In Of Mice and Men, how does the first chapter prepare the reader for the notion that 'the best laid schemes of mice and men gang aft a-gley?Basically the quote is from the peom 'To a mouse, on...
In Of Mice and Men, how does the first chapter prepare the reader for the notion that 'the best laid schemes of mice and men gang aft a-gley?
Basically the quote is from the peom 'To a mouse, on turning up her nest with a plough' by robert burns.
So what the question is asking is to write about how chapter 1 creates a sense of foreboding.
There are actually three events that exemplify the line in Browning's poem. The first event the reader discovers is that Lennie and George are walking on a very hot day to a new job and Murry and Ready's. They had been taking the bus, but the bus driver intentionally let them off before he got to the ranch. As George says,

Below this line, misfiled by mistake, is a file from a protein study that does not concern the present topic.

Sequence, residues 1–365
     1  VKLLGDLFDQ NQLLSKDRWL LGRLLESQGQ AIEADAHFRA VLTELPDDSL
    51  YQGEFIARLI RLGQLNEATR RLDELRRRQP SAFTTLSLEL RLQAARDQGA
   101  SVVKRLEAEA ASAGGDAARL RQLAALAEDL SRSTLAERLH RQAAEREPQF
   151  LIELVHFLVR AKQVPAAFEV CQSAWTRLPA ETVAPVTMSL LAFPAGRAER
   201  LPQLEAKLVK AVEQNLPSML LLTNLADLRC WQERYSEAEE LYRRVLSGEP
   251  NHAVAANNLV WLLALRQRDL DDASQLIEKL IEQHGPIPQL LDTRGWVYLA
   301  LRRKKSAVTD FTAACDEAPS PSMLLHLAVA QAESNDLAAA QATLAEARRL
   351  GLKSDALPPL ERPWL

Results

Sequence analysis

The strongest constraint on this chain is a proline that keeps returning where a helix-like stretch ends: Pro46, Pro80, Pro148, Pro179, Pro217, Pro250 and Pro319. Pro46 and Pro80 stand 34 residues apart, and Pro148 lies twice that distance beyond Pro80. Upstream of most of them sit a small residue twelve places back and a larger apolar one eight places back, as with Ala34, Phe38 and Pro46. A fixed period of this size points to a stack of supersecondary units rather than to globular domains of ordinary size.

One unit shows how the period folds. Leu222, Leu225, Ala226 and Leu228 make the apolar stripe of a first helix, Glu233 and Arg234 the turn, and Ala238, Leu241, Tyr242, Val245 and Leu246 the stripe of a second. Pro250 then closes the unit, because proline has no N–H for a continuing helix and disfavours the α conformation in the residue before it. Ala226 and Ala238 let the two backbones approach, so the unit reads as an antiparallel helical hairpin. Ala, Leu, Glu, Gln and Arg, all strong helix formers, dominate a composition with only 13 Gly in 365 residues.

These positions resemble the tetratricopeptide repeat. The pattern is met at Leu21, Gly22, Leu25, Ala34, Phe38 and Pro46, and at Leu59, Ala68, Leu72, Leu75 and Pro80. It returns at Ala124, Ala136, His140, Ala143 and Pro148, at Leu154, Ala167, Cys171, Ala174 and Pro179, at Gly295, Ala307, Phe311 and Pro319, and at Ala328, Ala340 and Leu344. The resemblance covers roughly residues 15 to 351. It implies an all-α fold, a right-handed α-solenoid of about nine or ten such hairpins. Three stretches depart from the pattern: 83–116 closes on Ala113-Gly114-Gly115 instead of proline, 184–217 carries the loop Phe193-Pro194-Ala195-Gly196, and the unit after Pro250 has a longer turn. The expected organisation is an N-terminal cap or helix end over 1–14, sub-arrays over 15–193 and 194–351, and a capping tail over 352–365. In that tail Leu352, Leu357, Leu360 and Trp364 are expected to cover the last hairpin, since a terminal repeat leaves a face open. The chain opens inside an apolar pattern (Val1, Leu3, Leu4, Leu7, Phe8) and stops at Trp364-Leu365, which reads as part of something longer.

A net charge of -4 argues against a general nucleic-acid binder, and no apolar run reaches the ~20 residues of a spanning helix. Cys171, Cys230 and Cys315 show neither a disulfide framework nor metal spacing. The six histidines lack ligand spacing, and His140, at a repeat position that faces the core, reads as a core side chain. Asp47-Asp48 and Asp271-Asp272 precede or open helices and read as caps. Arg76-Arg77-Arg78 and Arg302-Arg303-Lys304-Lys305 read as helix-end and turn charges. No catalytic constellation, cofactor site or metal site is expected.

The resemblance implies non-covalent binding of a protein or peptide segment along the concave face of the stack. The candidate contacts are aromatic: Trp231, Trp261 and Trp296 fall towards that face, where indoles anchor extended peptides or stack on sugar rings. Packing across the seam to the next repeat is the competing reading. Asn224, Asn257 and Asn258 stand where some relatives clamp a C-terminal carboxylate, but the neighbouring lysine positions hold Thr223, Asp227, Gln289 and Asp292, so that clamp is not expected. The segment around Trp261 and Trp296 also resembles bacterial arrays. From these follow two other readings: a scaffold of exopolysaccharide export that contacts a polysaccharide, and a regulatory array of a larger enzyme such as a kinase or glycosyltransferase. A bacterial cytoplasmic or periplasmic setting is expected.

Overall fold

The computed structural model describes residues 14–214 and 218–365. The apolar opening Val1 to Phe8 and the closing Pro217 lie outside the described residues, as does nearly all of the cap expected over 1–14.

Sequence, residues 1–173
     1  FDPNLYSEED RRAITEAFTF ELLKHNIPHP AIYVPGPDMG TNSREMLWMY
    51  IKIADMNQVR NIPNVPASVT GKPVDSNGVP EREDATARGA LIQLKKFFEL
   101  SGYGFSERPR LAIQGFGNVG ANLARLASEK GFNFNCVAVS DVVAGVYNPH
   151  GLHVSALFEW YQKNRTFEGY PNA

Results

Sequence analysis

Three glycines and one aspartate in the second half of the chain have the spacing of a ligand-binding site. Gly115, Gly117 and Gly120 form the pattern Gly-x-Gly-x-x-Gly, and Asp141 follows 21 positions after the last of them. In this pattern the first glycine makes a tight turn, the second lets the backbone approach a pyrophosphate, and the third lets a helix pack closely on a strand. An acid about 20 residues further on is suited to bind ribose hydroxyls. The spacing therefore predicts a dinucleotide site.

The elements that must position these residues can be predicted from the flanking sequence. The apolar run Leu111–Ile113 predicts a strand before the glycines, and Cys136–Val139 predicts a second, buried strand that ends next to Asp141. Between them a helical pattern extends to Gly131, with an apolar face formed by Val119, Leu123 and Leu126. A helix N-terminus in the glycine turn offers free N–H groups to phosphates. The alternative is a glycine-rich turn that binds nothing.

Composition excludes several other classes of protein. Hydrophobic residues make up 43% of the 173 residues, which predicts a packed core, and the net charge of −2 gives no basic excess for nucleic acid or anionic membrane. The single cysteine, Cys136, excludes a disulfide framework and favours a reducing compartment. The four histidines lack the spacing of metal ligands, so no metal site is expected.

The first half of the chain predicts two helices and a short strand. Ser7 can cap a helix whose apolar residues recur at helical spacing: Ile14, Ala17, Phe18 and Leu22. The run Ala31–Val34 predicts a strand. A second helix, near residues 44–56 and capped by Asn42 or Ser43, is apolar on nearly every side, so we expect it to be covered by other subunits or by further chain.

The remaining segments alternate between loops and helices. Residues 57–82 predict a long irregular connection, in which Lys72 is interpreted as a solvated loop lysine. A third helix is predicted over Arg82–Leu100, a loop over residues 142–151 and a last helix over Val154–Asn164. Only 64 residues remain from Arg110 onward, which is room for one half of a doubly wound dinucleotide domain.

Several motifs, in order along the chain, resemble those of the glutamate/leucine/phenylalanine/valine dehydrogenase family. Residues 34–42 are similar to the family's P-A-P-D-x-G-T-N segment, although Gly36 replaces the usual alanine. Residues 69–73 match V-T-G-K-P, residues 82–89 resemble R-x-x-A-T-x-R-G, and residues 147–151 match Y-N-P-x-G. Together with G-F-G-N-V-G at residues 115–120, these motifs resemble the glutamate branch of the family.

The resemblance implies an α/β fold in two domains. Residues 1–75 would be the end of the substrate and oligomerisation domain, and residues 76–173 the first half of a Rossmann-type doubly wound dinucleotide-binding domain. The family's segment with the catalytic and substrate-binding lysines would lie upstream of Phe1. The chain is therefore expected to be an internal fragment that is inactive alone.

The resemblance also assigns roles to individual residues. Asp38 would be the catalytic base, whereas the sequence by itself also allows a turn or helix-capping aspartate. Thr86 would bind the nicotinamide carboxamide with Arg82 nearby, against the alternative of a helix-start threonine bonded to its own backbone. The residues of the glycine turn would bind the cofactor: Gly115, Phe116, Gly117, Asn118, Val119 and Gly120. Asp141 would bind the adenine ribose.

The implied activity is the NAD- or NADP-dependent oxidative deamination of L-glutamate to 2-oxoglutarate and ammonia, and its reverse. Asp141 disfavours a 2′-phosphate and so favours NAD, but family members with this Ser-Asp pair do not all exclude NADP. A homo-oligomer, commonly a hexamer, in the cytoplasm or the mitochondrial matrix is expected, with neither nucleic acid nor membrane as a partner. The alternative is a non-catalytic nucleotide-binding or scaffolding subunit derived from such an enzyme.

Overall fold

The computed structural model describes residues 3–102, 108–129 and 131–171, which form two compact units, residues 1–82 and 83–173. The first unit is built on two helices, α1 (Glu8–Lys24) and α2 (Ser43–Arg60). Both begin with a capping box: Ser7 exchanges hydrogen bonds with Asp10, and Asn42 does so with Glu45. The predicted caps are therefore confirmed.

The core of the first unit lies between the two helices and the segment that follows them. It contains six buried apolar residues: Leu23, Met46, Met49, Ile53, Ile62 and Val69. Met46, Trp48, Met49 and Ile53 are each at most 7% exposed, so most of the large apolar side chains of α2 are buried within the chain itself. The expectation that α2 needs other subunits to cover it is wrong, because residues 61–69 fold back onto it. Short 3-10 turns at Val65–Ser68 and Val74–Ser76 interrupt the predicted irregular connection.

"We could just as well of rode clear to the ranch if that bastard bus driver knew what he was talkin' about. God damn near four miles, that's what it was. Didn't wanta stop at the ranch gate... "
So, George and Lennie's plan of arriving at the ranch by dinnertime has "gone a-gley". They are forced to spend the night outside by a stream and walk the rest of the way the next morning. This will make them late for their first day of work and irritate the boss. The second thing we learn is that Lennie did "some bad things in Weed". For some reason they were run out of town. The final thing we learn is that Lennie is carrying a dead mouse in his pocket. It was alive when he found it. He says that he had pet the mouse but the mouse "bit my fingers and I pinched [his] head a little and then [he] was dead." So there is something that has "gone a-gley" for Lennie and we expect this behavior will continue.